Former IBBME Grad Lorne Chi Engineers Solutions to Disease in Developing Nations
Sometimes it’s not all about the money. Just ask Lorne Chi, who has been working with the Clinton Health Access Initiative and the Ugandan government to create access to affordable antimalarials and diagnostic tests to battle malaria.
At a special Options Talk with Engineering Science students in February, Chi laid out his career path through the Faculty of Applied Science & Engineering’s Engineering Science program (Biomedical Option), followed by an MASc in Biomedical Engineering in 2008.
“I came out of U of T not knowing what to do,” Chi admitted to the forty plus Engineering students at the lecture. “I was making great money as a management consultant doing really interesting things, but ultimately it wasn’t what I wanted to do.”
Chi wanted to make an impact.
He briefly jumped into the Ministry of Health for the province of Ontario in the hopes of creating lasting change for Ontario’s 11 million residents. One of his projects was charting the “Oprah Effect” and its impact on the public health system and resources.
“One day Dr. Phil mentioned the importance of being tested for Vitamin D deficiency, and from that point testing rates and costs soared,” Chi explained. Charting this phenomenon allowed the Government to swiftly enact regulation to limit testing of this widely available and cheap vitamin to only those in high risk categories. The move saved the Ontario government millions in negotiations with its lab testing partners, not to mention vital health resources.
But by 2010 Chi was ready for a challenge. Encouraged by a friend, Chi jumped into the Clinton Health Access Initiative, a not-for profit organization begun by US president Bill Clinton that works with industry and governments in developing nations to create affordable strategies to treat some of the world’s most rampant diseases and reduce infant mortality rates. CHAI’s strategies include creating larger markets for medicines and diagnostics, lowering the costs of treatments, and expanding access to life-saving drugs and technologies based on sustainable models that can be owned and maintained by country governments.
Chi was brought on board to support the Ugandan Ministry of Health design and implement a strategy to expand access to malaria medicines in Uganda.
Malaria is still a leading cause of death world wide, according to the Centre for Disease Control and Prevention. In 2010 alone, malaria is estimated to have infected 216 million people, causing 655,000 deaths. The CDC reports that 91% of these deaths are thought to have been in the African Region.
In Uganda, the cost of treatment for malaria in this country of 34 million is around 8 dollars per person, whereas the average working wage in the country averages 2$ per day.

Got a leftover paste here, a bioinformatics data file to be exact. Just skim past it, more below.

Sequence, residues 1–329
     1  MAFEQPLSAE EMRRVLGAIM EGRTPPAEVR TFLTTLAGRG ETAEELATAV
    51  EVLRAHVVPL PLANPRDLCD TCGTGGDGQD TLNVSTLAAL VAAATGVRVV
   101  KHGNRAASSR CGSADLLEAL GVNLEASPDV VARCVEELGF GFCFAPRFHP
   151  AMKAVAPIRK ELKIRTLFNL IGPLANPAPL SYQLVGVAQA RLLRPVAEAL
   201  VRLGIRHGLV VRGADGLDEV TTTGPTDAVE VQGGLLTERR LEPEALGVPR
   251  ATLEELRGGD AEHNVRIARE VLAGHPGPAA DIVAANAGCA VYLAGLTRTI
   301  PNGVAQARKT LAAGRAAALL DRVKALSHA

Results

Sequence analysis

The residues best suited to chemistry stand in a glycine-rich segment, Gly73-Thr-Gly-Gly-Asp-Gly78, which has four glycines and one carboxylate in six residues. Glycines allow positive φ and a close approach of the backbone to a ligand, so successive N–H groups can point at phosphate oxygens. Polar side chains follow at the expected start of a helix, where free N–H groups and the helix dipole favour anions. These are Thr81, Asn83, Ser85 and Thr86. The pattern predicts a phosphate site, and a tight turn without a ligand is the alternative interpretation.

Chi was part of the team that piloted a drug subsidy in 8 countries (Cambodia, Ghana, Kenya, Madagascar, Nigeria, Niger, Tanzania and Uganda). Through negotiations with international drug manufactures and donor funding by the Global Fund to Fight AIDS, Tuberculosis and Malaria, the price for the drugs came down from $8 per person to a mere 50 cents.
And this small amount of money – about a quarter of the price of a cup of coffee in Canada – is making a dramatic difference to the country.
“This was a game changer in Uganda,” Chi remarks. “Use of highly effective antimalarials have doubled to over 80%, and the results will only be greater with time.”
The lateral thinking involved in this multi-level and complex deal is something Chi credits IBBME’s unique program for teaching him.
“A way of structuring problems and thinking laterally is something I got from this program,” Chi told the Eng Sci option students.
Chi recalled that, upon graduation, his supervisor, IBBME Professor Milos Popovic, pulled him aside to impart to him invaluable advice: “Remember to keep your knives sharpened at all times.”
“For me, this meant, keep on honing your skills so you can jump on opportunities.”
And embracing opportunities is a skill that Chi has perfected.
Chi is currently focused on ensuring that rapid malaria detection tests are an integral part of the Ugandan Ministry of Health’s strategy. The Ugandan government has secured millions of these tests – at a cost of less than 30 cents per test — to ensure that everyone in Uganda had access to proper testing before being treated.
In the past 4 months, thousands health care workers have been trained on how to use malaria diagnostics tests and what to give patients who don’t have malaria.
“This is high impact work,” Chi says contentedly of a career path that sees him affecting millions of lives.